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Generally unfavorable reviews - based on 6 Critics What's this?

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  • Summary: More money flows through the family courts, and into the hands of courthouse insiders, than in all other court systems in America combined - over $50 billion a year and growing. Through extensive research and interviews with the nation's top divorce lawyers, mediators, judges, politicians, litigants and journalists, this documentary uncovers how children are torn from their homes, unlicensed custody evaluators extort money, and abusive judges play god with people's lives while enriching their friends. This explosive documentary reveals the family courts as unregulated, extra-constitutional fiefdoms. Rather than assist victims of domestic crimes, these courts often precipitate them. And rather than help parents and children move on, as they are mandated to do, these courts - and their associates - drag out cases for years, sometimes decades, ultimately resulting in a rash of social ills, including home foreclosure, bankruptcy, suicide and violence. Solutions to the crisis are sought out in countries where divorce is handled in a more holistic manner. Expand
Score distribution:
  1. Positive: 1 out of 6
  2. Negative: 1 out of 6
  1. Reviewed by: Roger Moore
    Jan 7, 2014
    Divorce Corp is a lot pointed outrage that damning as its seems, feels suspect.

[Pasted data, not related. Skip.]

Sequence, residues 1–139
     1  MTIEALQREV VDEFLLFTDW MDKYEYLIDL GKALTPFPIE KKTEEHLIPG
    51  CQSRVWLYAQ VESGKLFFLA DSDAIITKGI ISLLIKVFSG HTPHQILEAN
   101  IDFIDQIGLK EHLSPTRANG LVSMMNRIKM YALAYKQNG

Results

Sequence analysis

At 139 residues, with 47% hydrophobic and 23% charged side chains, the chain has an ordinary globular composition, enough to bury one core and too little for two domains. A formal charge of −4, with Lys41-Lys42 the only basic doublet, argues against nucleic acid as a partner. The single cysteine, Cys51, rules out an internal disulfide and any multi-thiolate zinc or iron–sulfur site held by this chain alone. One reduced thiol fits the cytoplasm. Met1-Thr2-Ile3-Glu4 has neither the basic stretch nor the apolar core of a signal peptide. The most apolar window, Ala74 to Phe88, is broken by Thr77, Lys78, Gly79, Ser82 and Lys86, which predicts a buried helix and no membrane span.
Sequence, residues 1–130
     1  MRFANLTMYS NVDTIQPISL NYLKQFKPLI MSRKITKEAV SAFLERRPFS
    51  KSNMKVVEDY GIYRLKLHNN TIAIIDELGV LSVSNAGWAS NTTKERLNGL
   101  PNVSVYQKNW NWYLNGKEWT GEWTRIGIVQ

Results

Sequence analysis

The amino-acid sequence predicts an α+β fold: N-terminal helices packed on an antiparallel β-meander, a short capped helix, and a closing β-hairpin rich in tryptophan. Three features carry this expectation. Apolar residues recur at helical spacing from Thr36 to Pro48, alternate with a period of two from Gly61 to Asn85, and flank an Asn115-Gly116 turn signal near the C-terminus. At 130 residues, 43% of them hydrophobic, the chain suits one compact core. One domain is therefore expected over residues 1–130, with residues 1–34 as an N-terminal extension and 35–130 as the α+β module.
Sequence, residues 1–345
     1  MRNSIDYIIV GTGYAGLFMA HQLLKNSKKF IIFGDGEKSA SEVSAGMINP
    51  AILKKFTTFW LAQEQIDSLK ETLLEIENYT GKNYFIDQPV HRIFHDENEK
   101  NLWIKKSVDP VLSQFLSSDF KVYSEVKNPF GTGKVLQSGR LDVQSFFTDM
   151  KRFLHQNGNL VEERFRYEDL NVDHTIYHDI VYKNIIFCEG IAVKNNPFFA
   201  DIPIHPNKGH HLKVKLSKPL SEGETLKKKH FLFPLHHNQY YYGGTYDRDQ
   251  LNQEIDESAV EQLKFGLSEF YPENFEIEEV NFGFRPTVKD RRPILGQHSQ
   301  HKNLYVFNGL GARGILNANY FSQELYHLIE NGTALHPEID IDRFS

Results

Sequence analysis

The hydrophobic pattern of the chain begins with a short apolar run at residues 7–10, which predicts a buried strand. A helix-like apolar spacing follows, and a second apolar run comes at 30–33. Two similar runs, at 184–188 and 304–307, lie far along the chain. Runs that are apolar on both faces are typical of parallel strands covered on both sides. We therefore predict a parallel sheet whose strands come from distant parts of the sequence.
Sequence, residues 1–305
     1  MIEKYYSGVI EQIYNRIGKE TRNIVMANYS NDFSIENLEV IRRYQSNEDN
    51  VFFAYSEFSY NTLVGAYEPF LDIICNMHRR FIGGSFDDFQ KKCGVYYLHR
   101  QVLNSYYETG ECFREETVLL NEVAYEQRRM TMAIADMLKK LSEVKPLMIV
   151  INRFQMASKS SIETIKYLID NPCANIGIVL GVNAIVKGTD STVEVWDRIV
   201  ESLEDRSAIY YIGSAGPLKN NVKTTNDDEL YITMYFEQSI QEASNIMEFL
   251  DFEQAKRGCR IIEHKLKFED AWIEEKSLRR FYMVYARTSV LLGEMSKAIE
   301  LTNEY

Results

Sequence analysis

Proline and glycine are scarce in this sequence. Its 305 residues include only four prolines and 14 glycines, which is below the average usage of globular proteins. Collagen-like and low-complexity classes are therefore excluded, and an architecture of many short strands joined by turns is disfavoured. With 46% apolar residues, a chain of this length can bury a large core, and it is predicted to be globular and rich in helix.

2. Reviewed by: Matt Zoller Seitz
    Jan 10, 2014
    Divorce Corp is directed and edited at roughly the same level of imagination as a network newsmagazine story: talking head, talking head, talking head, cut to a chart, exterior shot of a courthouse, cut to another chart, talking head.
  3. Reviewed by: Nicolas Rapold
    Jan 9, 2014
    The tone ranges from wounded to disgusted, but a movie positing this deep a rot in the system needs to be more measured and better made to take hold.
  4. Reviewed by: Justin Chang
    Jan 14, 2014
    Divorce Corp. is reasonably cogent when it comes to explaining divorce-court terminology and statistics, even if it comes up somewhat short in terms of actual facts and figures. The filmmakers are far less successful when they start dragging in outrageous examples of official misconduct.
  5. Reviewed by: Frank Scheck
    Jan 11, 2014
    It relies too heavily on shock value rather than solid facts.
  6. Reviewed by: Daphne Howland
    Jan 7, 2014
    Despite the film's hyper but insubstantial presentation of its information, there likely is a story here.